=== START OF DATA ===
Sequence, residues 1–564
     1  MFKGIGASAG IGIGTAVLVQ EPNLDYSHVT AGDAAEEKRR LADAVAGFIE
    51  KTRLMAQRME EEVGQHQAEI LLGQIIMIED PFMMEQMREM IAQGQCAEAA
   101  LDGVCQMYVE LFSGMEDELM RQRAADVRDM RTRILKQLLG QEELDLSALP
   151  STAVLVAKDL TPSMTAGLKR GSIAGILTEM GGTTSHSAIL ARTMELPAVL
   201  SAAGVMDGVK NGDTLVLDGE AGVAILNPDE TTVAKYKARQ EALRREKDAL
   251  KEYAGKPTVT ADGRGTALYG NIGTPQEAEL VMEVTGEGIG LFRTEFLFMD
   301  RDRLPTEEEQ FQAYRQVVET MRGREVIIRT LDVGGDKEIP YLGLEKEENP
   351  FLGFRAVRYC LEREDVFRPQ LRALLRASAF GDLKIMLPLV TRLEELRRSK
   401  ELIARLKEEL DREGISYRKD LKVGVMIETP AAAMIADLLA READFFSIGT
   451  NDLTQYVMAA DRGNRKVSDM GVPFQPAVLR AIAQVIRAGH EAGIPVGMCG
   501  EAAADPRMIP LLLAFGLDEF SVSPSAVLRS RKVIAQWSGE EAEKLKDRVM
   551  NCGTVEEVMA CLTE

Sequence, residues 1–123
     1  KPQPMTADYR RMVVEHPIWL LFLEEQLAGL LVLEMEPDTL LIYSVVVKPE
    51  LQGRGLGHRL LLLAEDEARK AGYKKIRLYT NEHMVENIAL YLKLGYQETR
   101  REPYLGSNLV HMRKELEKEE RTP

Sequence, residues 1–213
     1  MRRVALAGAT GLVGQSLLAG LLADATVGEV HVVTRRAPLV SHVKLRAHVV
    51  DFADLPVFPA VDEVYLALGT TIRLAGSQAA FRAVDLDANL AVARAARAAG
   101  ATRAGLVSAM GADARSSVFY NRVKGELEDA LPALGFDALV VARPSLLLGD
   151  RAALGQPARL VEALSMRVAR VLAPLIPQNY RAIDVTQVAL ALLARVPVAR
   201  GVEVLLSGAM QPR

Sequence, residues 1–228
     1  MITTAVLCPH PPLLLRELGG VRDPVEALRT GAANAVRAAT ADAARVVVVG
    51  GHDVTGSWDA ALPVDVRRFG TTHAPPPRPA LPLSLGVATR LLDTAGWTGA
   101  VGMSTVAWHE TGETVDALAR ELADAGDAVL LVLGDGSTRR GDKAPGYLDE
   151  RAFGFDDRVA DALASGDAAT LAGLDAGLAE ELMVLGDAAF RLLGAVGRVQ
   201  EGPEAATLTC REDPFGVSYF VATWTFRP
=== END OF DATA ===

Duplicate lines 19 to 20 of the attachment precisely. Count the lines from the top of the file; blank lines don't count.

     1  MRRVALAGAT GLVGQSLLAG LLADATVGEV HVVTRRAPLV SHVKLRAHVV
    51  DFADLPVFPA VDEVYLALGT TIRLAGSQAA FRAVDLDANL AVARAARAAG